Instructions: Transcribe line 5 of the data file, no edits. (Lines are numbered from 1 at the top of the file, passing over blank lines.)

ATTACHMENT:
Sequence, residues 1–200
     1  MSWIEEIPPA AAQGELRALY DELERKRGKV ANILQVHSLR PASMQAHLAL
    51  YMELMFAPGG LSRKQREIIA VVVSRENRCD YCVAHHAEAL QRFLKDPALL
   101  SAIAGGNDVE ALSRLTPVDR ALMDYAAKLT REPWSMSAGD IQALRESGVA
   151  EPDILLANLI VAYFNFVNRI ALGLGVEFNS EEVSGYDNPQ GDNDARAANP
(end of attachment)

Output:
   151  EPDILLANLI VAYFNFVNRI ALGLGVEFNS EEVSGYDNPQ GDNDARAANP